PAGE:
CONDITIONS WE MANAGE

Insulin Resistance and Polycystic Ovary Syndrome

What is insulin resistance (IR) and polycystic ovary syndrome (PCOS)?

Insulin resistance results in higher than normal amounts of insulin being made in the body. Eventually, the body slows its production of insulin leading to increased blood sugar levels. This can therefore result in a higher risk of developing prediabetes and then diabetes. 

PCOS is a hormonal disorder affecting women, with a common characteristic being increased androgens or ‘male hormones’ that can prevent ovulation and affect menstruation. PCOS can also increase the risk of developing insulin resistance. The diagnosis of PCOS is complex and involves a medical history, examination, blood tests and ultrasounds.

What are the symptoms of PCOS?

Symptoms include one or more of the following:
- Weight gain
- Fertility issues
- Depression and/or anxiety
- Menstrual problems e.g. irregular periods
- High levels of male hormones and/or excess hair growth and acne

It is important to note that there are numerous symptoms arising due to PCOS but not every symptom needs to be present to confirm diagnosis. Interestingly, not all women with PCOS have multiple cysts and not all women with multiple cysts have PCOS.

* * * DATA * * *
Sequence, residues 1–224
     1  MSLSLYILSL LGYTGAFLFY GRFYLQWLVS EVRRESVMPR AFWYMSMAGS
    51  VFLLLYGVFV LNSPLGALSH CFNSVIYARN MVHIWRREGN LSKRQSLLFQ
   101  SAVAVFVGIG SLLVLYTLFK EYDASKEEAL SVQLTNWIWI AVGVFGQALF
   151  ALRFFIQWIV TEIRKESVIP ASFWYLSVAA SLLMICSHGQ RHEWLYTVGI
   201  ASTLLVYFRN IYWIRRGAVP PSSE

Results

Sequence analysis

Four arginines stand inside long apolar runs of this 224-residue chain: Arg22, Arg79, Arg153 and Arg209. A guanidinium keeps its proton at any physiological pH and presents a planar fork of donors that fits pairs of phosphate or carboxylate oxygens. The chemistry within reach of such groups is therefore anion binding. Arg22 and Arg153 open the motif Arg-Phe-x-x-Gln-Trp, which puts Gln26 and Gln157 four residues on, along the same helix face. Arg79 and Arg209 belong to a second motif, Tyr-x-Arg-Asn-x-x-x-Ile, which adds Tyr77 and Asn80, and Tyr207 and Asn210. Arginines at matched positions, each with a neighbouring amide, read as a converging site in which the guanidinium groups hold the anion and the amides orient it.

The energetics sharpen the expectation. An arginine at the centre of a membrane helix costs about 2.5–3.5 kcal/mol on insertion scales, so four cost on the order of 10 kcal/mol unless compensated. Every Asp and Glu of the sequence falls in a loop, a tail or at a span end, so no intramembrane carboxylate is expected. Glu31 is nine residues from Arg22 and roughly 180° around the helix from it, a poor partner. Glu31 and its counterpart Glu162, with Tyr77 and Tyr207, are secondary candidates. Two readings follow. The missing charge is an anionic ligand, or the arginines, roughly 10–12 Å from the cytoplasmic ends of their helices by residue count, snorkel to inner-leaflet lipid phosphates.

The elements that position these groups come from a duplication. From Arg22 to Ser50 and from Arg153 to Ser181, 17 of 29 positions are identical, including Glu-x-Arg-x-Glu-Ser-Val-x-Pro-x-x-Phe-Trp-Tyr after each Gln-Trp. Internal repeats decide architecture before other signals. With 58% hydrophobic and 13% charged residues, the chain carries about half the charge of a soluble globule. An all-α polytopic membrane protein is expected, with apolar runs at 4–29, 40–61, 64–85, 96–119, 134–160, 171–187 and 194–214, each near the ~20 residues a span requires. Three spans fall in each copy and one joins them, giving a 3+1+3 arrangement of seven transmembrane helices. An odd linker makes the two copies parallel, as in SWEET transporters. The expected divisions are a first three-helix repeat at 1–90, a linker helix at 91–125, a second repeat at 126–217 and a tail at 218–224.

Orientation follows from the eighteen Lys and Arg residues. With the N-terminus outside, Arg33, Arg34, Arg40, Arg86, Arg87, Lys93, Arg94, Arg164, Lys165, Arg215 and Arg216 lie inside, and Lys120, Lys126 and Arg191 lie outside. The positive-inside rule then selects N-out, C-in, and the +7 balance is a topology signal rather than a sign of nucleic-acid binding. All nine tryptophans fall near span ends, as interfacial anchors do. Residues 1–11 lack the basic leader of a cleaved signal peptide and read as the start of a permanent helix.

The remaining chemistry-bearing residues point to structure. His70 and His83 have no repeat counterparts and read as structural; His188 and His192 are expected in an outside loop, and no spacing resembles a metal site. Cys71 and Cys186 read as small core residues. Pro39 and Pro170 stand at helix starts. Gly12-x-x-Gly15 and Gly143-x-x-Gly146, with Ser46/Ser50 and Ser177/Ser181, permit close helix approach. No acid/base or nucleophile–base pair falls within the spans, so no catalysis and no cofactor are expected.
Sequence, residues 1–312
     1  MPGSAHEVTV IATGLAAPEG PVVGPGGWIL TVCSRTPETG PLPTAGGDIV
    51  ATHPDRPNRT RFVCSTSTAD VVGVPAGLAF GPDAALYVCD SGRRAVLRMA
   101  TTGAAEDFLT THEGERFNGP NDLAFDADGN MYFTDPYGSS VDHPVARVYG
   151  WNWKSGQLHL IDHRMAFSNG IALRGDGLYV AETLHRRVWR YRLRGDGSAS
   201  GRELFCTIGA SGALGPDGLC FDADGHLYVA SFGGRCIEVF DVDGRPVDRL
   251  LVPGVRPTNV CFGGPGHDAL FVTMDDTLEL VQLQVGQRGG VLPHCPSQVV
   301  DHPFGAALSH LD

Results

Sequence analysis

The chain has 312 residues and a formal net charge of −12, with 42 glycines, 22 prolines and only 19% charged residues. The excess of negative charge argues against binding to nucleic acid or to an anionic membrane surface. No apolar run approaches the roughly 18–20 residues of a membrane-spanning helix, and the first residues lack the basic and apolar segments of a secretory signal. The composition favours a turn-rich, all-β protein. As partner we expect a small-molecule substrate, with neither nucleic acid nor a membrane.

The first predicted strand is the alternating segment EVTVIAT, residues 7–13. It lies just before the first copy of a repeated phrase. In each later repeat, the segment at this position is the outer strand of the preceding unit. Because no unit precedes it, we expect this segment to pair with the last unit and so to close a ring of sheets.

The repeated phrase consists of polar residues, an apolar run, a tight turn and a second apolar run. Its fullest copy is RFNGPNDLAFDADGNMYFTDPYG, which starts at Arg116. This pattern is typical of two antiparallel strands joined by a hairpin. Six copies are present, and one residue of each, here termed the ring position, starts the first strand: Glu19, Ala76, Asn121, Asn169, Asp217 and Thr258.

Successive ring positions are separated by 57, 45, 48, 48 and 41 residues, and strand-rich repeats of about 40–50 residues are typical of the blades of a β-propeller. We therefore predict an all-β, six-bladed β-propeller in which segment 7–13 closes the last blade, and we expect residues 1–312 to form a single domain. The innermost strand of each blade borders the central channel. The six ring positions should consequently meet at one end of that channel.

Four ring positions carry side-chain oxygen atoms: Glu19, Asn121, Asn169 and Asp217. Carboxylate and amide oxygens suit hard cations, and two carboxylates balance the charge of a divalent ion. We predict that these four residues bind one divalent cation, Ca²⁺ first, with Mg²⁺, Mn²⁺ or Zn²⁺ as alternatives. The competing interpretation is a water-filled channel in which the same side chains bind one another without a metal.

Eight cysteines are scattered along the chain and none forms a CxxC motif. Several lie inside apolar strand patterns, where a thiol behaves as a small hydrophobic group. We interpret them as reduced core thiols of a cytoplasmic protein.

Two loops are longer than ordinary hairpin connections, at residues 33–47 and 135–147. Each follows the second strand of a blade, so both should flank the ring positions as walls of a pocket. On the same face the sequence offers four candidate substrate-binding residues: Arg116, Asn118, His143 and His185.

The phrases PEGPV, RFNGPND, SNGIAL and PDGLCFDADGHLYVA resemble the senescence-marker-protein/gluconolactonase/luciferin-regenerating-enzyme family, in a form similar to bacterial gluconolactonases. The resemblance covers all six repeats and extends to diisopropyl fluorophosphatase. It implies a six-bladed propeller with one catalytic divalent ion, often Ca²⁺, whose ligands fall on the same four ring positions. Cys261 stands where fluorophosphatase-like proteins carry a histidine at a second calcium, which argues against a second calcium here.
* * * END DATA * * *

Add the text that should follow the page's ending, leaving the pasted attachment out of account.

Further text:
how can I help?
I will start by assessing current dietary intake and suggesting areas for improvement. Short term and long term achievable goals will then be set. Meal planning will also focus on carbohydrate portions and/or calorie counting, specifically their impact on blood sugar levels. Thus, understanding the importance of low glycaemic index carbohydrates and regular meal timing will be prioritised.

Focus will also be given to identifying barriers to change and incorporating individual food preferences. Furthermore, I will help with optimising your dietary intake to meet nutritional requirements including fibre, omega-3, fruits, vegetables and calcium. 
FURTHER READING
- Jean Hailes
Want to know more about how a Dietitian can help your Insulin Resistance or Polycystic Ovary Syndrome?

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